A screen adaptation of Goethe's "Werther"

With his broadened horizon and a Bachelor's degree in his pocket, Bremus departed for the Film Academy in Ludwigsburg. There he studied Film Music and Sound Design. "I suppose I should really have studied something a little more practical, such as business management." Film Music doesn't exactly sound like investing in a steady and secure future income. "However, my parents gave me their full and complete support."

And he soon made contacts in the industry. "I was really very lucky. One of my brother's school friends, Christian Rohde, is a film producer. He hung around our house a lot." As it happened, Rohde was also working as a lecturer in Ludwigsburg. "Give me your demo material," he said. "Maybe I can find something for you." Bremus smiles. "I honestly thought I would never hear from him again." But then Rohde contacted him. In 2008, director Uwe Janson was filming a modern-day adaptation of Goethe's classic Die Leiden des jungen Werther for the 3sat television channel. Bremus was commissioned to compose the score. "There were very few constraints associated with the project so I had quite a bit of freedom."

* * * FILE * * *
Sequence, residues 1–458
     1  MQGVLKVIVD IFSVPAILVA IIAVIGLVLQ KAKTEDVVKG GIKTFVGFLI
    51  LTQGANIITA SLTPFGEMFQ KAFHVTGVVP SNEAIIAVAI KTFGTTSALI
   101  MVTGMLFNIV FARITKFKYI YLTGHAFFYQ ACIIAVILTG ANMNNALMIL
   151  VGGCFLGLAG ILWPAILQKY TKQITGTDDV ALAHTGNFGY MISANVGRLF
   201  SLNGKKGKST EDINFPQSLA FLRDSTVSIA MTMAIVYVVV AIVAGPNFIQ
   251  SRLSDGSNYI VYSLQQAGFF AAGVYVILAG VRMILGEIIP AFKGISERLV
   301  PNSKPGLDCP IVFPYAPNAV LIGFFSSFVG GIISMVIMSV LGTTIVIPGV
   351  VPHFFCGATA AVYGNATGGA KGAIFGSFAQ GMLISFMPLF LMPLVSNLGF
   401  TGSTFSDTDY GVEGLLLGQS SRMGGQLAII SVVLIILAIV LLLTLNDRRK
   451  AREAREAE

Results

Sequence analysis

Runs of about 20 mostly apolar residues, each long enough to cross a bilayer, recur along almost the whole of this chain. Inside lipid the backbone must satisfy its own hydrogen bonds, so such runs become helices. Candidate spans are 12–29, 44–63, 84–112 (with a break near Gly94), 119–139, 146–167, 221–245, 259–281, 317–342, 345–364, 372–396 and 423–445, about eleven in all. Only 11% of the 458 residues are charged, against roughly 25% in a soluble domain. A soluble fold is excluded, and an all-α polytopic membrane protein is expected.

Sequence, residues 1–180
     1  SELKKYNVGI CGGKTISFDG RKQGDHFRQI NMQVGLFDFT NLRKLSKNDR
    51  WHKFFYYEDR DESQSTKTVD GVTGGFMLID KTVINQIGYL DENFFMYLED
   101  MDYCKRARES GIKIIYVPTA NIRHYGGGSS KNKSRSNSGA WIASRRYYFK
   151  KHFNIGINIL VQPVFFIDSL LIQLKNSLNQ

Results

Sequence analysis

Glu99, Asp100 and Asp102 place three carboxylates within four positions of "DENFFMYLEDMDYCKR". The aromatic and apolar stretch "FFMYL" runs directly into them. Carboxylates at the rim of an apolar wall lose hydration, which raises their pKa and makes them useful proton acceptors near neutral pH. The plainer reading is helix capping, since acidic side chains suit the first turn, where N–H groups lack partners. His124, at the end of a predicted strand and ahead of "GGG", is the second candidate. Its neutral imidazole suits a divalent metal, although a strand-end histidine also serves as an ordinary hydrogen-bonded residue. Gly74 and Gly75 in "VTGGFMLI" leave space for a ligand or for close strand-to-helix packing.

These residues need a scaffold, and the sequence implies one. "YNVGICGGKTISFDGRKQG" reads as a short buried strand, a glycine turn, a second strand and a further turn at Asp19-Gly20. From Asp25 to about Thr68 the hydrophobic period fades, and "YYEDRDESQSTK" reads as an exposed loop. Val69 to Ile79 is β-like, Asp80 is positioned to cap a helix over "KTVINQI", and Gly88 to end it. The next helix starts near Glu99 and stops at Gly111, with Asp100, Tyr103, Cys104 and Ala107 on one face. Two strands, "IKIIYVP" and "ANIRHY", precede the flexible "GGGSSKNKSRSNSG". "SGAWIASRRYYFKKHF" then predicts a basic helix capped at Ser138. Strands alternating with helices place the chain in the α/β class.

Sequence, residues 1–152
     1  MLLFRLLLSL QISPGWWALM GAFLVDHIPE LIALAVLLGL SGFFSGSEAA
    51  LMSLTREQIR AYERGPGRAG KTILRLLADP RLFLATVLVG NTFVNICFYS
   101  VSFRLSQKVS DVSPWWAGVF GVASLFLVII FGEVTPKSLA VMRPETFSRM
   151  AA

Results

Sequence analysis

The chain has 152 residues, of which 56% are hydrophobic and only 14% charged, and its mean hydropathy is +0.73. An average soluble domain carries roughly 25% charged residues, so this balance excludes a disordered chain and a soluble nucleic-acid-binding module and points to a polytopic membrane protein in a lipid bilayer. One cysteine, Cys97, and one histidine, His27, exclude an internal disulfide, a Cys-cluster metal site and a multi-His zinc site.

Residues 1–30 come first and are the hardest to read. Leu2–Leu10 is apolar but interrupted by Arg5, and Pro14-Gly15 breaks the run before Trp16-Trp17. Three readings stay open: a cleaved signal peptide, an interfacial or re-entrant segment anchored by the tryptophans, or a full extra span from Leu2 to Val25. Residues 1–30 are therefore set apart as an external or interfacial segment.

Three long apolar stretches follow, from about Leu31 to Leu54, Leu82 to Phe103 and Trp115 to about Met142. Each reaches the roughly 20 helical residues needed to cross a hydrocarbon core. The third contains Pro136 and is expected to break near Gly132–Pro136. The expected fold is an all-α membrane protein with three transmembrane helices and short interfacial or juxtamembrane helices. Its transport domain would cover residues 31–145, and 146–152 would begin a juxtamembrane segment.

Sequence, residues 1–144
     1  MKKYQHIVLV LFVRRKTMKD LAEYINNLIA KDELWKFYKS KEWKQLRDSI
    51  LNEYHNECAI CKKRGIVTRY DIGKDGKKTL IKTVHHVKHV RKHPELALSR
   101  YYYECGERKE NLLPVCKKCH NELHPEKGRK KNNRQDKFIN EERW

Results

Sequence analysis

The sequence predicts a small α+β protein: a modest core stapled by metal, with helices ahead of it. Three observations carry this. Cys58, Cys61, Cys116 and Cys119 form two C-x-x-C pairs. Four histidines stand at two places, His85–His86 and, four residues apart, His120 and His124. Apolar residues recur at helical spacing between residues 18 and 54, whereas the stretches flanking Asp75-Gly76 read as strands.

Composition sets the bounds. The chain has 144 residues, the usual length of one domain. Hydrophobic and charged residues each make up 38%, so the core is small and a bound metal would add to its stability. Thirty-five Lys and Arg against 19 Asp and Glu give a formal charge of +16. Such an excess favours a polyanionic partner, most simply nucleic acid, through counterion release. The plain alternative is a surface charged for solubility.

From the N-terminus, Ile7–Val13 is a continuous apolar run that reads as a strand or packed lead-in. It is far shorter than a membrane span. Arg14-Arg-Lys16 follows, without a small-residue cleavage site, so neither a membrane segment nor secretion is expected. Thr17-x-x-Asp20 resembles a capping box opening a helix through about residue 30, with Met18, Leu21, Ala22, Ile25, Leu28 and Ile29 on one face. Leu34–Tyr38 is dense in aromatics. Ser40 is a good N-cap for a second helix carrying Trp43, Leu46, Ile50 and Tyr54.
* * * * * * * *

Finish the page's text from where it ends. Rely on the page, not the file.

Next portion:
"I had a lucky start," Bremus stresses modestly. "Everything just started to snowball. I kept getting further recommendations, somebody knew someone who knew somebody else..." But there would have been more to it than just that. When you consider the oeuvre that the 37-year-old has produced to date, the one thing that strikes you is his versatility. For the 2012 film Transpapa he composed an original country song while his music for the 2013 documentary feature Helmut Schmidt – Lebensfragen has a very classical feel.